An important one presents itself this week when the 18th-ranked Hokies (1-0) host FCS foe Delaware (1-0) on Saturday at Lane Stadium.
Jackson, who impressed in his first college start Sunday night in a 31-24 victory over West Virginia, had ample time to prepare for the Mountaineers. Now he must get ready for a new opponent on a short week.
"I'm sure he feels good about it," Hokies coach Justin Fuente said of Jackson's debut, during which he accounted for 336 total yards, two touchdowns and no turnovers in a nationally televised contest at FedEx Field in Landover, Md.
"The challenge for him is we've had several weeks to prepare for the West Virginia defense and those looks and the checks and all of those things. Now he's going to have to be able to do it in six days, so that'll be another step for him in terms of digesting the game plan, getting as comfortable as he was with the game plan this week for next week in a much shorter amount of time."
Jackson said he was studying West Virginia game tape as early as January in preparation for the opener. He'll have a decidedly shorter time to prepare for Delaware.
"I think I'll be ready. ... I think I'll be just as prepared as I was for this game," Jackson said Sunday night.
Delaware is coming off a 22-3 home victory over Delaware State last Thursday in the debut for first-year head coach Danny Rocco.
The Fighting Blue Hens racked up a considerable yardage advantage against the Hornets (432-224) but struggled to reach the end zone, scoring their only two touchdowns in the final 18 minutes.
They head to Blacksburg for their first-ever meeting with Virginia Tech. Delaware has dropped its last six games against Football Bowl Subdivision opponents, a streak that includes losses to ACC opponents in each of the previous three seasons.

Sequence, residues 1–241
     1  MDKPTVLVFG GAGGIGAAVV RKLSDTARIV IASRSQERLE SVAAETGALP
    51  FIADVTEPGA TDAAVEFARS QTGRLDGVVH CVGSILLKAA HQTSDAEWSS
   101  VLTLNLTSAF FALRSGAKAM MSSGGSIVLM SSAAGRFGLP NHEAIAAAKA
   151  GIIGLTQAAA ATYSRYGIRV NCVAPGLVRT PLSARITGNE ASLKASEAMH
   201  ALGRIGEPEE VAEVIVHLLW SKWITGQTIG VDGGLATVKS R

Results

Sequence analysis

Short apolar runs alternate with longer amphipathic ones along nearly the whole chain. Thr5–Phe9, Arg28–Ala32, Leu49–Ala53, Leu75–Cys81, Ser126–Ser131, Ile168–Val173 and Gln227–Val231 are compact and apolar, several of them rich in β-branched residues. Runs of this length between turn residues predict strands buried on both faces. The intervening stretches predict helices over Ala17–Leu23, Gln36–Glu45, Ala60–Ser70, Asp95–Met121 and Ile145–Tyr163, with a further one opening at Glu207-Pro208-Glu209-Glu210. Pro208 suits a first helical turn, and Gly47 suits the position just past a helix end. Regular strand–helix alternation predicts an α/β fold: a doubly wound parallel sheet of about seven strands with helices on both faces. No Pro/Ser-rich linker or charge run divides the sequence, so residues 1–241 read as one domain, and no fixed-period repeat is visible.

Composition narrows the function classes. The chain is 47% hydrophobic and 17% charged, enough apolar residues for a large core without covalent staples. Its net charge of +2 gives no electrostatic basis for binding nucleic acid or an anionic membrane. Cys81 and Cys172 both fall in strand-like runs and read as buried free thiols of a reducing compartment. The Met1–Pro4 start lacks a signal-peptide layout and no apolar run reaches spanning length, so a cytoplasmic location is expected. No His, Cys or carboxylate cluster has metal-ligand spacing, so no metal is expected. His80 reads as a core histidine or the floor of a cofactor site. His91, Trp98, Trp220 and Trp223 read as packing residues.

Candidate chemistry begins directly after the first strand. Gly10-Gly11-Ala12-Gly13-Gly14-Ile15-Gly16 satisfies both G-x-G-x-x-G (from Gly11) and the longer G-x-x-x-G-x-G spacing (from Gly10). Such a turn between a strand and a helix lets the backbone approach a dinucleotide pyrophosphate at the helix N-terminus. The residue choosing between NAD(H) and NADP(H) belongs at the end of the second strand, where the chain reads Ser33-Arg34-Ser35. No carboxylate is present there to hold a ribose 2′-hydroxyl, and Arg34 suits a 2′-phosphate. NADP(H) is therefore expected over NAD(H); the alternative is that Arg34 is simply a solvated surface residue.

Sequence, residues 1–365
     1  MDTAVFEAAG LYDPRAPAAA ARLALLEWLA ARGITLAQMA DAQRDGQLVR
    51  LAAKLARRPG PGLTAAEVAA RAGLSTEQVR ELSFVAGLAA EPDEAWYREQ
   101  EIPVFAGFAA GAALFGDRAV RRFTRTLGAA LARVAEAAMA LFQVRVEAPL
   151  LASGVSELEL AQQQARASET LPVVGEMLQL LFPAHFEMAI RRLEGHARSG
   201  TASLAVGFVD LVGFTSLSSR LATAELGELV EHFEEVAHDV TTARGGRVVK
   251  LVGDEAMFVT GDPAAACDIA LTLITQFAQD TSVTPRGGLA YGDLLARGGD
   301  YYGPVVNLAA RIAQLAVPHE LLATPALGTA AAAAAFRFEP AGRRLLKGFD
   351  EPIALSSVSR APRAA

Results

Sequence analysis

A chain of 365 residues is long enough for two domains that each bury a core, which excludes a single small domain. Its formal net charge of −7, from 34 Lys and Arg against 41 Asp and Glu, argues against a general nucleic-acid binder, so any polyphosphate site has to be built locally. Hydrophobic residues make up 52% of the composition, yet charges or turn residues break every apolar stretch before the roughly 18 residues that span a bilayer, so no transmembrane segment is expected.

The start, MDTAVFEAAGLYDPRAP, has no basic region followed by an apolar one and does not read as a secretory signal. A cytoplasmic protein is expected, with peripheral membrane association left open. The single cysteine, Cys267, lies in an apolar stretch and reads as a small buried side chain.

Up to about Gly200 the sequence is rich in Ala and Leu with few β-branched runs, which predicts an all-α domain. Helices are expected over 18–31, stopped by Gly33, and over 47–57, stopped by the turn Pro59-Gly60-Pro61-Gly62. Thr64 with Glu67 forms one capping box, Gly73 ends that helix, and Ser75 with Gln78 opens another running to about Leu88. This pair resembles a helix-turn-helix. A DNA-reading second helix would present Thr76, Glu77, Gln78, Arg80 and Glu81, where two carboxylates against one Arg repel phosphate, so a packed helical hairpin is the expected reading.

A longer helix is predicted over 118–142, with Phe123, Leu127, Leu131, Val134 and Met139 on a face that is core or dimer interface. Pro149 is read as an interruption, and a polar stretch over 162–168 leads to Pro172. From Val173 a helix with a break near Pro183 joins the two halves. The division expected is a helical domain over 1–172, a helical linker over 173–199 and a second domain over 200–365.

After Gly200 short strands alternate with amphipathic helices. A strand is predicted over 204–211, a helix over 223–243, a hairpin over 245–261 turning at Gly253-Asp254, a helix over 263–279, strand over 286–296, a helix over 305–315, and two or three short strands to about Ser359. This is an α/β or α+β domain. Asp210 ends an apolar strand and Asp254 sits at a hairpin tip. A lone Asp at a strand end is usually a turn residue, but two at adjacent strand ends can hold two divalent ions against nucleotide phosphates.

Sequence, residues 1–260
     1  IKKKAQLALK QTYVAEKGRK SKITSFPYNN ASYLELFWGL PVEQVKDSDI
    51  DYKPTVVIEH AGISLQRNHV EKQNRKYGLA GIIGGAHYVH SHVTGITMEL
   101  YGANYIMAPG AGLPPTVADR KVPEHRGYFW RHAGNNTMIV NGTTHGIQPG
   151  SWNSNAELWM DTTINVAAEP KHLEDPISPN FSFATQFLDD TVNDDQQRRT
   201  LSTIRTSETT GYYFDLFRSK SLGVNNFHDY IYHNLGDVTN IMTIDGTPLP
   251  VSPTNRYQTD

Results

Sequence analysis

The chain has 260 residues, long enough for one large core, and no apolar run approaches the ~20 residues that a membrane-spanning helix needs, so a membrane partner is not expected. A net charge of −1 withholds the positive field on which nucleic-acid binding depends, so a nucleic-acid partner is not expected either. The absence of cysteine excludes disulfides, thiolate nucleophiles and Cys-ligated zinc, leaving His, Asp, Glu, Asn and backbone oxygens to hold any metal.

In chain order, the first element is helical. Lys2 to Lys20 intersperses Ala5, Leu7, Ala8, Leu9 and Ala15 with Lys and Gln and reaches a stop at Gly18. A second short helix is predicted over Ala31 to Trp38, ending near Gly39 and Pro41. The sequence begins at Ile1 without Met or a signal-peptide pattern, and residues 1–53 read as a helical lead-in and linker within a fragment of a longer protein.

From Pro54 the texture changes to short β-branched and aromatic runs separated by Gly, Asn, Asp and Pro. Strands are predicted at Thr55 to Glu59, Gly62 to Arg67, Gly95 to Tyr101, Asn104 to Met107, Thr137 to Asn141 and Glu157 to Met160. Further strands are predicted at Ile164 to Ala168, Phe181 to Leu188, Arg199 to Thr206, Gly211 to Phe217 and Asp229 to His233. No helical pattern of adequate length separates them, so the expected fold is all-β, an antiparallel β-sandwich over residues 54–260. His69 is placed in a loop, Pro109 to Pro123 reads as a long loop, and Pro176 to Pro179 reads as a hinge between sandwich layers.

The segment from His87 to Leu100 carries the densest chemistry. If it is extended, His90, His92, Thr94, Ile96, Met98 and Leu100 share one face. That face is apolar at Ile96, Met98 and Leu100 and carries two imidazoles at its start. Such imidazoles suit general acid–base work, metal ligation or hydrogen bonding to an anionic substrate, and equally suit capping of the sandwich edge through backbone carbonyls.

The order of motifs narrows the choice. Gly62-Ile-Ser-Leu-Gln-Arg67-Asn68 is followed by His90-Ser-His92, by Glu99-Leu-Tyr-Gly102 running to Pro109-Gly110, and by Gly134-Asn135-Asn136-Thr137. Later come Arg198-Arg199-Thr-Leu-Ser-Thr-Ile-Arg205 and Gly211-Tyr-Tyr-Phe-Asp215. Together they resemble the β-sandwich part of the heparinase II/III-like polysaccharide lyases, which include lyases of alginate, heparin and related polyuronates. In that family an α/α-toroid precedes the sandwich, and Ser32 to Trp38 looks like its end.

"We'll have our hands full, but we're certainly excited about the opportunity," Rocco said.
Rocco is familiar with the Hokies from his days as an assistant at Virginia from 2001-05. After his time in Charlottesville, Rocco had head coaching jobs at Liberty (2006-11) and Richmond (2012-16) before making his way to Delaware.
While the personnel has changed, Rocco knows what is in store for his team when it faces off against Virginia Tech.
"They've got some new names and some new faces out there playing, but the product looks so much the same," Rocco said. "They're an athletic defense, they're fast, and on offense they're physical. Their running backs run hard and (wide receiver Cam Phillips) is an exceptional football player."
Phillips caught seven passes for 138 yards and a touchdown Sunday against the Mountaineers. The senior, who is on pace to become Virginia Tech's career leader in receptions and receiving yards, was a go-to target for Jackson, who passed for 235 yards and a touchdown and rushed for 101 yards and a score.
Jackson became the first Tech player since Logan Thomas in 2013 to pass for more than 200 yards and rush for more than 100 in a game.
"Obviously we're happy with the first win," Jackson said. "It's only one win at the end of the day, so we've got to continue to work and continue to get better and just get ready for the next game."
Virginia Tech's defense struggled at times against West Virginia's Air Raid offense. The Hokies allowed 592 total yards, their highest output allowed since yielding 598 in a 2007 loss at eventual national champion LSU.
"I wish everything had been a little more consistent," Fuente said.
Delaware had a similar feeling about its performance in its opener.
"I felt like we were executing things, but when it came down to crunch time, converting third downs, getting into the end zone, we just didn't do that very well," said Blue Hens wide receiver Diante Cherry, who caught a 31-yard touchdown pass and ran 19 yards for another score. "We just have to watch the film and see what we can do better as a team."